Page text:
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Programme acclaimed by dog lovers
Documentary on puppy farming gets thumbs up from breeders

ITV WALES recently broadcast a two-part documentary on puppy farms in Wales. This programme has been acclaimed by dog lovers as it shows just how puppy farms operate and are allowed to continue to operate.

Many dog owners and breeders have sad it is sad that such an informative programme will not be broadcast across the UK, unlike the Pedigree Dogs Exposed programme which they feel gave a boost to back-yard breeders and puppy farmers, with many adverts appearing on the internet selling puppies as ‘crossbred so not going to be unhealthy’ or ‘pedigree but not registered with the Kennel Club so will be healthy.’

In the first part of the film produced by production company 'Y BYD AR BEDWAR' the reporter Sian Morgan and her team visited a number of known puppy farmers and confronted them. Filming of a puppy sale in a car park was recorded although it stopped when the team approached. The buyer was in fact a member of the team, exposing that this practice still goes on, despite the advice of the RSPCA, the Dogs Trust and the Kennel Club.

Sian Morgan and her team were seen filming at the protest organised by Lady Margaret Flack and supported by OUR DOGS, whose Managing Director Vince Hogan was on the picket line, and reported on the demonstration, the first of what is expected to be three demonstrations in total. The final one, to go ahead in the New Year, when it is planned to hand in a petition to 10 Downing Street.


The programme makers contacted the councils in the areas which had been identified as having puppy farms but in each case the councils refused to comment in the first programme. In the second programme one council did say that they needed evidence to be collected and presented to them, yet it has to be questioned whether this would affect the relicensing of these establishments, since they do have to apply for a licence each year and part of this should include some form of inspection.

The second programme featured secret filming inside the puppy farms which were shown to a vet who was able to point out several things that, in her opinion, contravened the Animal Welfare Act. In the film taken from inside the puppy farms dogs were seen crowded into kennels too small for the number contained there, bitches in kennels with tiny pups on concrete floors and very little or no bedding or ways to keep the bitch and puppies comfortable and warm. In one farm the bitch and puppies where given beds but these had holes drilled into them and the vet was of the opinion that these beds would cause bed sores for the dogs. Most of the dogs shown were seen to be pacing round in tight circles and they had nothing to relieve their imprisonment, no proper lighting or any form of extensive exercise. The kennels were not clean and faeces littered the floors, food was then thrown onto the floor for the dogs to eat. The water provided was shown to be filthy and green with algae.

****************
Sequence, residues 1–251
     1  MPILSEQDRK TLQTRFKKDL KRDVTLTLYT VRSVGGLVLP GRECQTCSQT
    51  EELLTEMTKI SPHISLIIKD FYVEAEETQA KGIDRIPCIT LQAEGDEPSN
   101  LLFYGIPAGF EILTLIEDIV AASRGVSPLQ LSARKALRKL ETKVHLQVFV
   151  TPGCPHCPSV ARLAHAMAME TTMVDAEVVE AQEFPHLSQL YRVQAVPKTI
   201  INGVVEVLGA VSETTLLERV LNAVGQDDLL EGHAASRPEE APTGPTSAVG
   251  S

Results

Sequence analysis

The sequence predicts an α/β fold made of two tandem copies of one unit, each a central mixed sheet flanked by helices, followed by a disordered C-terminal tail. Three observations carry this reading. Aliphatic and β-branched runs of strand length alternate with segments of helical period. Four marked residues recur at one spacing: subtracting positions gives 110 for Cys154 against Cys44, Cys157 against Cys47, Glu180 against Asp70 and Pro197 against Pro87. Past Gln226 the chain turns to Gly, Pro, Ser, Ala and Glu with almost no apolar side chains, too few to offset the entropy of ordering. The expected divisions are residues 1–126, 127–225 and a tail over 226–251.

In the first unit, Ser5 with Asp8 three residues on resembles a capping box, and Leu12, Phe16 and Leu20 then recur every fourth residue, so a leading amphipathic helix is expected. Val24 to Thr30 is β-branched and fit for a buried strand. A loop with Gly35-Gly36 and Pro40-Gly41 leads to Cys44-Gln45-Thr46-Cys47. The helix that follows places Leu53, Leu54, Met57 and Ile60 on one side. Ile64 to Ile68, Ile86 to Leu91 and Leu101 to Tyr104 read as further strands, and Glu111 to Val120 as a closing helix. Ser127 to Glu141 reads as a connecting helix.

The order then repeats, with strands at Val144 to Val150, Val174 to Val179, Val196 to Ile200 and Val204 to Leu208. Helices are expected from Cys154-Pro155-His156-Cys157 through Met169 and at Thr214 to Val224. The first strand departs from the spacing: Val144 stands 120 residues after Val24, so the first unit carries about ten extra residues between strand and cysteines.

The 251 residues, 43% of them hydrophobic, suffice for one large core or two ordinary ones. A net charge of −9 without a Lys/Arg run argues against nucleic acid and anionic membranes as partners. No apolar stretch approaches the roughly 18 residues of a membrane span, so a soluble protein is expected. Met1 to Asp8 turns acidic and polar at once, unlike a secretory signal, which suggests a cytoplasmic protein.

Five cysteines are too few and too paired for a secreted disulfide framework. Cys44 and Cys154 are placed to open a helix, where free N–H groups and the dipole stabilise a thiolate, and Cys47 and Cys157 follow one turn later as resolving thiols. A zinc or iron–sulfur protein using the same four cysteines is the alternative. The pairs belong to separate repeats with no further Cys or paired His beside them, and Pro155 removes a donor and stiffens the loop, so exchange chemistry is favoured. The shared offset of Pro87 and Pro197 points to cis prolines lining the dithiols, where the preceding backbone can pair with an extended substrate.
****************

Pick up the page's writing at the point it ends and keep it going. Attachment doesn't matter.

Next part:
None of the puppy farmers featured in the films seemed to be perturbed that their businesses appeared to be involved some form of animal abuse, and neither did any of the councils appear to be concerned that this is happening in their districts. It would seem that puppy farmers are immune from prosecution under the Animal Welfare act as both councils and animal welfare organisations do not appear to want to act to stop this trade. Ms Morgan and her camera team were attacked by puppy farmers when standing on a public right of way filming, the police were called and the camera teams equipment was returned to them by the police. Enough of the film survived to show the lengths puppy farmers are prepared to go to continue their lucrative trade.

To illustrate just how far the puppies produced by the Welsh puppy farmers travel Ms Morgan visited a retail outlet in Essex called Puppies World. There her team secretly filmed the purchase and showed that the manager was claiming that the puppies were reared in good conditions as her local council, Dagnenham, had to inspect the kennels, who of course pointed out that they are not responsible for a breeding establishment out of their area. The puppy purchased was claimed by the manager to have been vet-checked and given a clean bill of health; however, when taken to the vet who had previously viewed the film footage of the farms, it was again her opinion that the puppy was very underweight and had worms on an initial examination.

Sian Morgan has promised to send tapes of her documentary to Our Dogs and keep us informed of any updates to the licensing of the puppy farms.

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Keep up the good work. This does not help the dogs or the new owners. We teach and read many things in the dog world. But back street breeding if not stopped will cause more problems.


Sian Morgan and her team produced an excellent documentary, highlighting the heinous puppy farm trade that continues to haunt Wales.
The films are available to view with English subtitles